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From left: Anishinabek Nation Grand Council Chief Glen Hare; Lake Huron Region Chair Scott McLeod, Minister of Crown-Indigenous Relations Carolyn Bennett; Member of Parliament for the riding of Nipissing—Timiskaming Anthony Rota; Southwest Region Deputy Grand Council Chief Joe Miskokomon; and Murray Pridham, Negotiator for Indigenous and Northern Affairs Canada. Photo by: Laura Barrios/Anishinabek Nation.

NIPISSING FIRST NATION (March 15, 2019) – The Government of Canada is supporting the Anishinabek Nation in their efforts to improve the safety and well-being of First Nations children and families and rebuild their nations in a manner that responds to the priorities and unique needs of their nation.

While meeting with the Anishinabek Nation on March 13 to learn more about their vision of self-determination and community-based approach to rebuilding their nation, the Honourable Carolyn Bennett, Minister of Crown-Indigenous Relations, announced Indigenous Services Canada’s contribution of over $1.5 million in funding for the Community Well-Being and Jurisdiction Initiative to support Koganaasawin, the central support body for the Child Well-Being System. Budget 2018 has also provided Ontario First Nations with over $17.6 million this fiscal year to support Community Well-Being and Jurisdiction Initiatives to help children and families stay together.

Canada is also providing over $110,200 to the Anishinabek Nation towards nation rebuilding projects related to child and family services initiatives led by the communities. In total, Canada has provided $1.7 million this fiscal year to First Nations in Ontario through the Nation Rebuilding Program.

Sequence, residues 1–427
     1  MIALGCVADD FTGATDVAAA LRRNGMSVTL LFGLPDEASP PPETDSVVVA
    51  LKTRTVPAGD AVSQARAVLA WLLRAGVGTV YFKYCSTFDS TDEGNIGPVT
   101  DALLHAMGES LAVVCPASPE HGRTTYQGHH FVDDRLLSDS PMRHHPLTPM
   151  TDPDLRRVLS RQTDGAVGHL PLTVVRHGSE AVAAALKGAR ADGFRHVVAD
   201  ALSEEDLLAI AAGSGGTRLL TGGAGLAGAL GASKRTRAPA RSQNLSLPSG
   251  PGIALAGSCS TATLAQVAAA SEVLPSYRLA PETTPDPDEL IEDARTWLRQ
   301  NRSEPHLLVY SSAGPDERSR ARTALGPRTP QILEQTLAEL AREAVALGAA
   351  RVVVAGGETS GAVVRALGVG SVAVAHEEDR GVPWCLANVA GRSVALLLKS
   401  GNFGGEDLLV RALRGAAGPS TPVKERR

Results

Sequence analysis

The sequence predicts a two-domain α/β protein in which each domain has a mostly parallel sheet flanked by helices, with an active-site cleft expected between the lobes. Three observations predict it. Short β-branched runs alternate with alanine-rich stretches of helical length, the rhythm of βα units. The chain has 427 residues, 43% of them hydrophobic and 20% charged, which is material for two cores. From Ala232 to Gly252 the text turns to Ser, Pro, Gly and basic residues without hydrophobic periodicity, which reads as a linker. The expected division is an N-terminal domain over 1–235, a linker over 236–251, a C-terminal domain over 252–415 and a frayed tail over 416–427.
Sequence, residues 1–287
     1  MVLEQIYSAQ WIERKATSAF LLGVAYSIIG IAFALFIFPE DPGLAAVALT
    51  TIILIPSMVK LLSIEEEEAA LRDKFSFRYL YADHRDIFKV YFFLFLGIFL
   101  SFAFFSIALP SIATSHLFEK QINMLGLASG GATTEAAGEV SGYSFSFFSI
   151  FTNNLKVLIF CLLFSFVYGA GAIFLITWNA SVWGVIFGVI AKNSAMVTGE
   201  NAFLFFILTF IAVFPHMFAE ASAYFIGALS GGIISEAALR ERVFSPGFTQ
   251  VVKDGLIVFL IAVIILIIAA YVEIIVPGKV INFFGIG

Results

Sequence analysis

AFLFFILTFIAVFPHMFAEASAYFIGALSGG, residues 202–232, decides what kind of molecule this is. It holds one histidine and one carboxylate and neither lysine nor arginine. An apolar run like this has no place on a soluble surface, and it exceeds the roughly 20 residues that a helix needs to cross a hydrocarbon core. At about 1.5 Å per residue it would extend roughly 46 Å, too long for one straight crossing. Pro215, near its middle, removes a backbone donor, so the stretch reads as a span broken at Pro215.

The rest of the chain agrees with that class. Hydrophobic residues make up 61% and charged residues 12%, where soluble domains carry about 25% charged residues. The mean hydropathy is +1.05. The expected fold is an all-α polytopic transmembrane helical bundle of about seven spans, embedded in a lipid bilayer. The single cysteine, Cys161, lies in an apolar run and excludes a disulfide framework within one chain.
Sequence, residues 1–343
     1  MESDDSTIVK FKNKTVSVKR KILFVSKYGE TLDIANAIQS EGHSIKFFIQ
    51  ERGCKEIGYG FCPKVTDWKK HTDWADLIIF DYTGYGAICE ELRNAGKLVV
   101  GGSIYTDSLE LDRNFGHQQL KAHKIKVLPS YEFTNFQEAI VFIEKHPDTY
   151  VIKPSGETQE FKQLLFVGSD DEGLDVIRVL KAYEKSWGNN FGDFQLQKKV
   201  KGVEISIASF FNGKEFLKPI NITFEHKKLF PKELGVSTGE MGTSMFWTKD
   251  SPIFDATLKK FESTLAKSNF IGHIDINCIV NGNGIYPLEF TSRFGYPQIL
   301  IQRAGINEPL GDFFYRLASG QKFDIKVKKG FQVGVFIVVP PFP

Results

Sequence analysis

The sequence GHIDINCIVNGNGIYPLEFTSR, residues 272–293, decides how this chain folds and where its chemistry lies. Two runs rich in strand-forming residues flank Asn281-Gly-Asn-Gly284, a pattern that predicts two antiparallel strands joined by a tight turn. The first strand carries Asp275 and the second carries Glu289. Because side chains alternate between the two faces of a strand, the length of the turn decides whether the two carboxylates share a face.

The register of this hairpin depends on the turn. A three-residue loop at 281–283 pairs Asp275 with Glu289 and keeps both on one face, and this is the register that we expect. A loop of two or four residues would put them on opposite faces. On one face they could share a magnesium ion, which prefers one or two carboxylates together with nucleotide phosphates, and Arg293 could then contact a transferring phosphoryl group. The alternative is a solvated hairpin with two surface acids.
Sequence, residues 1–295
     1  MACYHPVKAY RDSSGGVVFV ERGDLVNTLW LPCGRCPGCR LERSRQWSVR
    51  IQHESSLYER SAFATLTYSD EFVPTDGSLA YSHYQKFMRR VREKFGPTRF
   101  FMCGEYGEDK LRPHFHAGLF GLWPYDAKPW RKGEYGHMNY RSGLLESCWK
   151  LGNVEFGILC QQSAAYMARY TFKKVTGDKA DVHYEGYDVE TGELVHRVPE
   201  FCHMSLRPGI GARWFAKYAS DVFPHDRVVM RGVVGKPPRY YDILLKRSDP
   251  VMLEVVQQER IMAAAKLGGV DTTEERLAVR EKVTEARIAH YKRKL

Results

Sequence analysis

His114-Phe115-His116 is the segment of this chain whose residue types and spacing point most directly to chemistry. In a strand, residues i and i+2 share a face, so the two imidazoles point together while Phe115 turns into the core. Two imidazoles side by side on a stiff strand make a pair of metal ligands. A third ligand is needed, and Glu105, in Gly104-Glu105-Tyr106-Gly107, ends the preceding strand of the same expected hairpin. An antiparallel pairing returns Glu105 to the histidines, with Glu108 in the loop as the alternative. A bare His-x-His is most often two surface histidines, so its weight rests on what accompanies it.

Made possible by Budget 2018, the Nation Rebuilding Program provides funding support for activities facilitating Indigenous groups’ own paths to reconstituting their nations. The Program is an important step forward in renewing nation-to-nation relationships with Indigenous peoples, improving their well-being and economic prosperity and developing healthier, more sustainable nations. Quotes

“First Nations know what is best for their children, their families and their communities. Investments like these help support the work of First Nation partners to provide services that meet the needs of youth in their communities and help children and families stay together. We are proud to support Koganaasawin and Anishinabek Nation in this work.” The Honourable Carolyn Bennett, M.D., P.C., M.P.
Minister of Crown-Indigenous Relations “Canada is committed to renewing its relationship with Indigenous people. The Nation Rebuilding Fund plays a critical role in our work on reconciliation. Through this fund the Government of Canada is supporting Indigenous nations, like the Anishinabek Nation, as they work to reconstitute their nations and their journey towards self-determination.” The Honourable Seamus O’Regan, P.C., M.P.
Minister of Indigenous Services “The Anishinabek Nation has established our own path for moving forward with exercising jurisdiction over child and youth well-being and family unity. Following the mandate of our Chiefs-in-Assembly, we have established our own law and are moving forward to implement that law and establish our own child and youth well-being system. The funding from Canada will allow us to continue along the path we have forged and move our First Nations closer to exercising full control over child and youth well-being and family unity.” Grand Council Chief Glen Hare
Anishinabek Nation Quick facts

Budget 2018 allocated $1.4 billion to address funding pressures facing child and family service agencies, while also increasing community based prevention services. Through this, the new Community Well-Being and Jurisdiction Initiative funding stream was created.

In 2017, the name Koganaasawin was given, through ceremony, to the Anishinabek Nation’s central support department for its Child Well-Being System. Koganaasawin will support the implementation of the Child Well-Being Law that has been under development since 2007.

In 2017-2018, Indigenous Services Canada provided $269,960 in prevention funding to the Anishinabek Nation to support pre-implementation work for Koganaasawin.

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